The rapidly growing number of 1-to-1 laptop schools calls to question what a laptop learning school is. Very simple mathematics suggests that a school merely needs to purchase enough laptop computers--one for every student--and Presto! suddenly it becomes a 1-to-1 school.
But can a school spend all that money on technology and still miss the mark? I believe it can, and some do. There is a difference between laptop learning schools and schools with laptops. Before your school invests in the hardware to become a 1-to-1 school, take some steps up front.
1. It Starts with the Realization of the Need for Change. Examine the 21st Century skills. Think about the future our students will enter. Discuss what a classroom should look like now. If your system does not recognize a need to change instruction, adding technology is rather pointless. But change begins with having some fierce conversations about the need for change and the school's vision for the future of education.
2. It Takes Vision. The expression a computer is just a tool is overused to the point of becoming a cliche. Unless a school knows how it wants to use the tools, its evolution will be hampered. Schools that are using the laptops most successfully are trying to create student-centered classrooms. They want teachers to take an assisting role as students learn to teach themselves and each other. The vision may be for research using online resources and digital text books. This may call for 1-to-1 tablets. Or the vision could require more powerful technology tools to facilitate project-based learning and knowledge creation.
3. Hit the Road. One of the reasons many technology plans are never realized is that people don't know what they don't know. By the time they understand it, there is something new. The faculty need to get out of the building and see how other schools are using technology to accelerate learning. They need to attend conferences, seminars, and sales demonstrations. After broad exposure to a number of ideas and systems, staff can return to help forge a new direction for their own school.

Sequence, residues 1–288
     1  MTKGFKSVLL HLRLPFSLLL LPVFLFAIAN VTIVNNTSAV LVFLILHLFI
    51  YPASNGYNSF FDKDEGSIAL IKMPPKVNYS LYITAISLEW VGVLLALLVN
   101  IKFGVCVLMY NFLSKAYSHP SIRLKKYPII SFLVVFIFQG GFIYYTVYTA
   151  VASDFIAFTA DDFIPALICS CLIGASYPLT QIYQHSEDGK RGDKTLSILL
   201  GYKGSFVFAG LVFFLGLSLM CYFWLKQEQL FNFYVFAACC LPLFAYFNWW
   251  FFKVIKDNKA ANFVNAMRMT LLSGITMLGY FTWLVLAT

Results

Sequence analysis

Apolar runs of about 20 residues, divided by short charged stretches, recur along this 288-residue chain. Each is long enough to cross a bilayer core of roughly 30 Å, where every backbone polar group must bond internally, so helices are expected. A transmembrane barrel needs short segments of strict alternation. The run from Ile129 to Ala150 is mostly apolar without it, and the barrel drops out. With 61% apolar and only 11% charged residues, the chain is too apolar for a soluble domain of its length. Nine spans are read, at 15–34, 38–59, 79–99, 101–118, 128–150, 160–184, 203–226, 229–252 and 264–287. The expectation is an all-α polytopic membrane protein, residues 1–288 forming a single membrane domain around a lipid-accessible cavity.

4. Share the Decision. A major acquisition of technology should result in a sea change in the pedagogy of the school. Therefore, this decision cannot be made by the administration and school board alone. The teachers who will be implementing this system need to be deeply involved in the decision. The discussion should include the support staff as well. The school needs to unite behind such a significant shift in methodology. This can only be accomplished if there is participation and support from the rank and file.
5. Include the Community. Ultimately, it is your community that is paying the bill. They are your customers, and a school always need to be responsive to its public. Begin the dialogue in your PTO and advisory groups. Have the conversation with the people at the coffee shop. Involve your business leaders. Your local businesses may be your strongest proponents because they see how technology is changing their workplace (maybe faster than it is changing schools), and they need a technologically literate workforce.
So does this mean we should wait and take our time? Certainly not. With the speed at which our world is changing, we do not have time to wait. But I will address this in a post yet to come.
What other steps are necessary? Please feel free to offer your additional suggestions in the comments below.